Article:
Marine Hot Water Heaters Blog Dept: 5 Great Ways to Prep Your Boat for Hurricane Season

Marine Hot Water Heaters Blog Dept: 5 Great Ways to Prep Your Boat for Hurricane Season

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Take Action to Protect Your Boat During the Upcoming Hurricane Season

Raritan Engineering Company your marine hot water heaters specialists would like to share with you these topics we thought would be of interest to you this month regarding prepping your boat for hurricane season. 
Will you have a recreational boat located in hurricane country as of June 1? Your marine hot water heaters experts talk about how according to recently released predictions by experts at Colorado State University, the 2018 Atlantic hurricane season could be a doozy. 
1. Who pays for salvage? When a hurricane throws your boat across the boatyard into a big pile, sinks it in the slip, or carries it into a football field end zone, you end up with a salvage situation. If the boat is not a total loss and needs to be recovered and brought to a repair facility, salvage costs can escalate quickly. Most boaters assume that the cost of raising or moving a damaged boat to a safe location – salvage coverage – is included in their insurance policy. And with better policies that’s true: They offer salvage coverage that is separate but equal to the boat’s hull coverage limit. 
2. You can lower your “named storm deductible” by preparing. “Storm deductibles,” which increase your deductible for boat damages incurred in a named storm, are common with recreational boat insurance policies today. One way to reduce the deductible is to make active preparations when a storm approaches, such as hauling the boat, lashing the boat to the ground, and removing any windage items such as enclosures, canvas and/or sails.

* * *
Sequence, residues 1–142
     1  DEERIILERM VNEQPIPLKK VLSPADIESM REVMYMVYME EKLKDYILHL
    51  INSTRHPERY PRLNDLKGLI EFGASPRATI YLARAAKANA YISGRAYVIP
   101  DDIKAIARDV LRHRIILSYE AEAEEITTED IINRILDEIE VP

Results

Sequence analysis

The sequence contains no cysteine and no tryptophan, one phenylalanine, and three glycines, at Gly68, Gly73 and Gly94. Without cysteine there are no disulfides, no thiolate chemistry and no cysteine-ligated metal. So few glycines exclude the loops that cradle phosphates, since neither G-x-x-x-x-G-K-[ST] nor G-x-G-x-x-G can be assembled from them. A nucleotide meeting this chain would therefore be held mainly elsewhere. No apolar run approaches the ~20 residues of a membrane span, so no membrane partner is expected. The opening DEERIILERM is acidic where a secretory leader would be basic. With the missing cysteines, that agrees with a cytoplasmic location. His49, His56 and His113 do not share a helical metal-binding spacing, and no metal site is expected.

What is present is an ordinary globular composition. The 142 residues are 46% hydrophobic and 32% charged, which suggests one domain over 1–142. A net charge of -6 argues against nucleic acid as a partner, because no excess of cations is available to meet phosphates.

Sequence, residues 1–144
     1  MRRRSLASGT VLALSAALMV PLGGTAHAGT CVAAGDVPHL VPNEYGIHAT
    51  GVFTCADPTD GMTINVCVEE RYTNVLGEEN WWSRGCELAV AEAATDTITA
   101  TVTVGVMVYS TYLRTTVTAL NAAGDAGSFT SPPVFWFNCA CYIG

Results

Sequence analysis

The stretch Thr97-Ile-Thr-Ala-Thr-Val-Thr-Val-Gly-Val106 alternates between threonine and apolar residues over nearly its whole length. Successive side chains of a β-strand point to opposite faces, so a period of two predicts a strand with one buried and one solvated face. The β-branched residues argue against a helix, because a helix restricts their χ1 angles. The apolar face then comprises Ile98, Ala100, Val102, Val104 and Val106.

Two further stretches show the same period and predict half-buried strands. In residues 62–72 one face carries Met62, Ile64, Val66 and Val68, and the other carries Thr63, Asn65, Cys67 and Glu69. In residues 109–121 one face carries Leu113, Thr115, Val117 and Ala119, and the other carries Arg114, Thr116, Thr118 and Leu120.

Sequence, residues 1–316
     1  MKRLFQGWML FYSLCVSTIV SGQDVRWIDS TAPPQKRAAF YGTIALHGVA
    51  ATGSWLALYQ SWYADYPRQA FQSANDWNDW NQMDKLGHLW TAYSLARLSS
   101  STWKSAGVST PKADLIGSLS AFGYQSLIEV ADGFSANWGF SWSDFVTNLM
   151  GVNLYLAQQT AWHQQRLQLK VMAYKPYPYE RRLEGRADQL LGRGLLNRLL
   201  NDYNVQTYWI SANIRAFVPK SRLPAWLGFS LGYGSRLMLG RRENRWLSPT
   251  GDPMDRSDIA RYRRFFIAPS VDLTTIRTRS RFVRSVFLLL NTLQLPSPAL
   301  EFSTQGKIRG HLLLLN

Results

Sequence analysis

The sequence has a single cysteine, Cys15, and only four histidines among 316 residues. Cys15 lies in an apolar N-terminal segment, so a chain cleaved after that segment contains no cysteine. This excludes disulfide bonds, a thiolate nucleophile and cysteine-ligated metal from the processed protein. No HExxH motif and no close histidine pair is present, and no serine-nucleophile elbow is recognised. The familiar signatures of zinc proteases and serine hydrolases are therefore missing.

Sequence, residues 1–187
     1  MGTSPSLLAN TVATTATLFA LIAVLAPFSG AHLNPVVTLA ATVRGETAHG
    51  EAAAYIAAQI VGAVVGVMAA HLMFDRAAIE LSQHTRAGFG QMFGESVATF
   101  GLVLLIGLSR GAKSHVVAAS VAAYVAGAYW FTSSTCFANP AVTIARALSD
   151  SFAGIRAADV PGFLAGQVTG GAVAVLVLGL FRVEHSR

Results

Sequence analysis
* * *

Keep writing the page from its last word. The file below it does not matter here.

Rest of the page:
Do You Live In Hurricane Territory? Have No Fear With These Ways to Stay Safe

3. Know your hurricane haulout coverage, and use it if you have to. For boats in hurricane zones, “hurricane haulout coverage,” also sometimes known as “named storm haulout reimbursements,” is a must. This coverage helps pay boat owners a portion of the labor costs to have a boat hauled, prepared and tied-down by professionals, which include marina or boat club staff, or to have the boat moved by a licensed captain. 
4. Is your boat trailer insured? Not all boat insurance policies cover boat trailers as a separate item, so if a hurricane topples a tree onto your boat trailer breaking it in half, ensure it’s covered. Your insurance company should know the cost of the trailer separate from the boat’s value.
5. A heads up if you have a liability-only boat policy. Some boaters choose liability-only insurance. That can meet their needs just fine, but ensure that it also includes coverage for salvage and wreck removal, and that separate coverage is available for fuel-spill incidents. 
So don’t forget these great tips for prepping your boat for the upcoming hurricane season. 1) Make sure you have salvage coverage on your insurance;  2) know your hurricane haulout coverage;  and 3) be well prepared, do your homework regarding safety and all insurance coverages.

Sailing Maori Journey, New Zealanders Rekindle Indigenous Pride

Check out our marine water heaters selection here at Raritan Engineering and see how we always take care of your marine sanitation supply needs.
Some, holding Samoan flags, made a beeline for the waka Gaualofa. At the head of the vessel was Fealofani Bruun, a 32-year-old female captain whom many – particularly “Moana” fans – had come to see.
His own waka, the Haunui, circumnavigaes New Zealand spreading a message of environmental conservation. Mr. Barclay-Kerr said the sight of a waka sailing into the bay often awakened memories among older Maori people of oral histories they had learned as children.
“Often they’re not confident enough to talk about it until the waka arrive, because people tell them, ‘Ah, it’s just a story,’ ” he said.
Turned down for the navy, Mr. Dice joined a yacht squadron and then the Coast Guard in the hope that he would learn to sail, but it was the waka that provided the opportunity he sought. He was now preparing for a voyage to Hawaii on the double-hulled canoe in 2020.

A version of this article appears in print on March 15, 2018, on Page A12 of the New York edition with the headline: Sailing Into a New Zealand Harbor, and Recreating History.
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Author: mslrmss

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